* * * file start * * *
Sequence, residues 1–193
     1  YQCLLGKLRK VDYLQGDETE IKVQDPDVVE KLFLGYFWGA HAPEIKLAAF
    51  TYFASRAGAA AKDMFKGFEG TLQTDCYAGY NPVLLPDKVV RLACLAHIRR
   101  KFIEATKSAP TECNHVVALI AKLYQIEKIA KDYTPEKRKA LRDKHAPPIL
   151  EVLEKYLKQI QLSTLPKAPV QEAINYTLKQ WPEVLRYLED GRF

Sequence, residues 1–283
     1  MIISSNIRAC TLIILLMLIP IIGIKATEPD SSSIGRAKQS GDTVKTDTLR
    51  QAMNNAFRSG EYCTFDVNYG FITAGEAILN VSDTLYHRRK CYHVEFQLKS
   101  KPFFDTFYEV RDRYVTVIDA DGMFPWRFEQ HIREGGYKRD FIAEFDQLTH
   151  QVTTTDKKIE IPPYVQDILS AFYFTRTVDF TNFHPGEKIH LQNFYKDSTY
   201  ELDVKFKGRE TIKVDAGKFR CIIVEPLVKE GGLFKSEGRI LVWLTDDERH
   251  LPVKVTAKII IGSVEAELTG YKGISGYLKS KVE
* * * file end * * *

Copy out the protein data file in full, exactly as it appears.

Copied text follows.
Sequence, residues 1–193
     1  YQCLLGKLRK VDYLQGDETE IKVQDPDVVE KLFLGYFWGA HAPEIKLAAF
    51  TYFASRAGAA AKDMFKGFEG TLQTDCYAGY NPVLLPDKVV RLACLAHIRR
   101  KFIEATKSAP TECNHVVALI AKLYQIEKIA KDYTPEKRKA LRDKHAPPIL
   151  EVLEKYLKQI QLSTLPKAPV QEAINYTLKQ WPEVLRYLED GRF

Sequence, residues 1–283
     1  MIISSNIRAC TLIILLMLIP IIGIKATEPD SSSIGRAKQS GDTVKTDTLR
    51  QAMNNAFRSG EYCTFDVNYG FITAGEAILN VSDTLYHRRK CYHVEFQLKS
   101  KPFFDTFYEV RDRYVTVIDA DGMFPWRFEQ HIREGGYKRD FIAEFDQLTH
   151  QVTTTDKKIE IPPYVQDILS AFYFTRTVDF TNFHPGEKIH LQNFYKDSTY
   201  ELDVKFKGRE TIKVDAGKFR CIIVEPLVKE GGLFKSEGRI LVWLTDDERH
   251  LPVKVTAKII IGSVEAELTG YKGISGYLKS KVE